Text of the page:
challenges (experienced by keratoconic patients in south africa)

Keratoconus largely remains undiagnosed for the majority of patients in South Africa. The main reasons are: 

  • No/limited access to eye care services (especially in semi-urban and rural areas).
  • A lack of knowledge of parents, care-givers and teachers about keratoconus (leaving patients/families fearful and feeling unsupported).
  • Limited diagnostic skills of many practitioners (sadly, one still encounters large numbers of children who, despite being to health facilities, have not been correctly diagnosed due to the lack of skills of the health workers at many facilities)
  • Inadequate equipment to diagnose keratoconus at health care facilities

In the instances where there is a diagnosis made, patients are generally referred to private practices as almost all government facilities do not treat keratoconus.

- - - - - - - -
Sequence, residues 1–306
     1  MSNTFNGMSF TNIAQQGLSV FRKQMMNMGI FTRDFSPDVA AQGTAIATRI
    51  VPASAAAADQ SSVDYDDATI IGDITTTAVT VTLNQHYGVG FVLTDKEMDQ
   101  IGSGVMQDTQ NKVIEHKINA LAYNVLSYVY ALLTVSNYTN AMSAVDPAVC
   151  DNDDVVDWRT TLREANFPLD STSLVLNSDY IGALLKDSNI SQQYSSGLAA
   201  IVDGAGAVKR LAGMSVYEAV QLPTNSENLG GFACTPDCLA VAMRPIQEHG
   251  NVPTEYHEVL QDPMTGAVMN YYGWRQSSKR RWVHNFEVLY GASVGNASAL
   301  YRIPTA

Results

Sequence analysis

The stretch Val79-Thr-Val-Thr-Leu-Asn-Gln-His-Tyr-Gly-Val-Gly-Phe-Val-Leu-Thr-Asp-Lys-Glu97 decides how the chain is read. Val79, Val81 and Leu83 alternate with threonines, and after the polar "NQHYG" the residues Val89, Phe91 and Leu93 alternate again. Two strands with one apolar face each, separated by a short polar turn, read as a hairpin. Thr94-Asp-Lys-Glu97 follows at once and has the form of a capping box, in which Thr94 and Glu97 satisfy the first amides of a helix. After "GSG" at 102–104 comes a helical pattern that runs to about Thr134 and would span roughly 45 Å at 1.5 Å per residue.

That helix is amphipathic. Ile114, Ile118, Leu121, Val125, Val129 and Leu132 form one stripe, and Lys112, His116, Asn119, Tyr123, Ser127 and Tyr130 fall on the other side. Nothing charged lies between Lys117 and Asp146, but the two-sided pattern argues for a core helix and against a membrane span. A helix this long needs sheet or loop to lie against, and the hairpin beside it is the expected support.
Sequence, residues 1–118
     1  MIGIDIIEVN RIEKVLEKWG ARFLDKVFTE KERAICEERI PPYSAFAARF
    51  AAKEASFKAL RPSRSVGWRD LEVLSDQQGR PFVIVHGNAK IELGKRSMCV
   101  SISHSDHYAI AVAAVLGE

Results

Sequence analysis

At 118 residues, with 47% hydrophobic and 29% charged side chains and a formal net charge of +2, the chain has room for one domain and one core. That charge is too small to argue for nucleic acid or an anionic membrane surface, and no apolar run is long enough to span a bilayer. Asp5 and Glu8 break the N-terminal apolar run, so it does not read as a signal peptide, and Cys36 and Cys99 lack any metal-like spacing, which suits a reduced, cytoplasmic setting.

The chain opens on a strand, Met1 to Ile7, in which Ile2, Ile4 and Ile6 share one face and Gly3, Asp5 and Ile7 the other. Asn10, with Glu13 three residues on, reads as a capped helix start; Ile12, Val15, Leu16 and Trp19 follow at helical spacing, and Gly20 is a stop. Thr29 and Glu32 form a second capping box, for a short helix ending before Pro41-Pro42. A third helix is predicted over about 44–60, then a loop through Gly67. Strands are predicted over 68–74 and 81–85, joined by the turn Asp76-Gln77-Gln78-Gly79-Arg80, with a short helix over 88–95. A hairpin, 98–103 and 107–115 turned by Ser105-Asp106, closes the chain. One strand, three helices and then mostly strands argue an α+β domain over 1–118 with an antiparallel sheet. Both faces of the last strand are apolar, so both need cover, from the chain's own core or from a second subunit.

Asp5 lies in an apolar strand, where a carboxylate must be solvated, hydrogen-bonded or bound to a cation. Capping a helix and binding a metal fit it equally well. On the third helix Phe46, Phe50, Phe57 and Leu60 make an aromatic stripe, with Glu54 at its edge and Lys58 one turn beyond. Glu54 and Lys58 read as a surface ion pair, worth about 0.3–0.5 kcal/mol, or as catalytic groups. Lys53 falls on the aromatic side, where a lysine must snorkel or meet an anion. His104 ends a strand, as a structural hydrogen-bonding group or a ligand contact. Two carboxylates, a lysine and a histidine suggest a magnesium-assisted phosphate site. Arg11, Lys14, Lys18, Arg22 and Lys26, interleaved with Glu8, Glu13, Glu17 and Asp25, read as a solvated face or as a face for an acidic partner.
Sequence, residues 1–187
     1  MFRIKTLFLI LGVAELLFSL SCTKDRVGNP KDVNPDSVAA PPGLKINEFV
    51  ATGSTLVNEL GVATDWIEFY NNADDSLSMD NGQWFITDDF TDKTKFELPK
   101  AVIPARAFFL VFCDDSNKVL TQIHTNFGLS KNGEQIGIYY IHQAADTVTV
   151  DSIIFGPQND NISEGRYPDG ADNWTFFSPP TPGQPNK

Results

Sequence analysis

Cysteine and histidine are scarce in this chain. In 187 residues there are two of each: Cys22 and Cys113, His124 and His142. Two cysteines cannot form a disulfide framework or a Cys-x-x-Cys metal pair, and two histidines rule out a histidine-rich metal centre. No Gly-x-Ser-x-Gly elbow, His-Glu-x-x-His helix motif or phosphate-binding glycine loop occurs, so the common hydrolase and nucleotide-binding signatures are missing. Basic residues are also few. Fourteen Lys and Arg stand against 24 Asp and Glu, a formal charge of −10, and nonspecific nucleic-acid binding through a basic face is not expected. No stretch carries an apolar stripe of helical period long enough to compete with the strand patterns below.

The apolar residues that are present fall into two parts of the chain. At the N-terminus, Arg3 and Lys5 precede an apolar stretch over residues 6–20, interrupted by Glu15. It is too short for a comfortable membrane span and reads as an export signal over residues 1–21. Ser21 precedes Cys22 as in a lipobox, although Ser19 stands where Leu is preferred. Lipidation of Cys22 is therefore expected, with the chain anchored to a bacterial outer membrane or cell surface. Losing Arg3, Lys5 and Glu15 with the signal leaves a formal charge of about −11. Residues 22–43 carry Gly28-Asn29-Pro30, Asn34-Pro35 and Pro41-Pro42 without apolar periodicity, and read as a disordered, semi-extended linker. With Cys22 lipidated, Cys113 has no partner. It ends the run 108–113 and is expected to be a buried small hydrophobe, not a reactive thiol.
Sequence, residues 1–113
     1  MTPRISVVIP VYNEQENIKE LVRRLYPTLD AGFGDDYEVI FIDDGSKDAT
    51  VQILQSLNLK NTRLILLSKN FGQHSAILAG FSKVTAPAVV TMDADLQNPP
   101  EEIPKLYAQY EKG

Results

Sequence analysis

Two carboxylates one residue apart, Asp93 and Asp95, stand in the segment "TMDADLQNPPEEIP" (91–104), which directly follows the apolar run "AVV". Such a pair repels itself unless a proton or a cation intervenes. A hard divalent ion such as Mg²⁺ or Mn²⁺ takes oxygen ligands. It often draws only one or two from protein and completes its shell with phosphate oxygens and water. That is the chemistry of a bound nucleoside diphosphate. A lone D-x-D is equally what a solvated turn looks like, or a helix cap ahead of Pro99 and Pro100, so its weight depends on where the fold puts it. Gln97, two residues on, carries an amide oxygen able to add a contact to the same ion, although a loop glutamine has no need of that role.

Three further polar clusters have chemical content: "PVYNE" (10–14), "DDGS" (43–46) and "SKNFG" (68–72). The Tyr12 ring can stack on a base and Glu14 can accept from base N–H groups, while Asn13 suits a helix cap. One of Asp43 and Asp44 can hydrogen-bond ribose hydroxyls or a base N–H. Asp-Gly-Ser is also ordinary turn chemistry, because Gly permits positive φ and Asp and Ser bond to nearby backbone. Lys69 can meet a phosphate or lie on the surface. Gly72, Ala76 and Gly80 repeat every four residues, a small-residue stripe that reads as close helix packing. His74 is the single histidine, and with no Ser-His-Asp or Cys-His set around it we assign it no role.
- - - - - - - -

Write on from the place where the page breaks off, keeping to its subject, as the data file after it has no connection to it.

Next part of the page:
The cost of treatment within the private sector is beyond the financial means of the majority of these patients, leaving them untreated and visually impaired or blind.

Yet, proper cost-effective correction with rigid contact lenses or surgical procedures can restore vision and make the patient functional again.

There is also a long waiting list for those needing corneal grafts in South Africa. Patients with the financial resources are able to go to other countries like India and get their grafts done sooner. However, the majority of affected patients in South Africa cannot afford to pay for corneas to be brought into the country (R 20 000-R25 000) or for the trip abroad to have the surgery done in another country.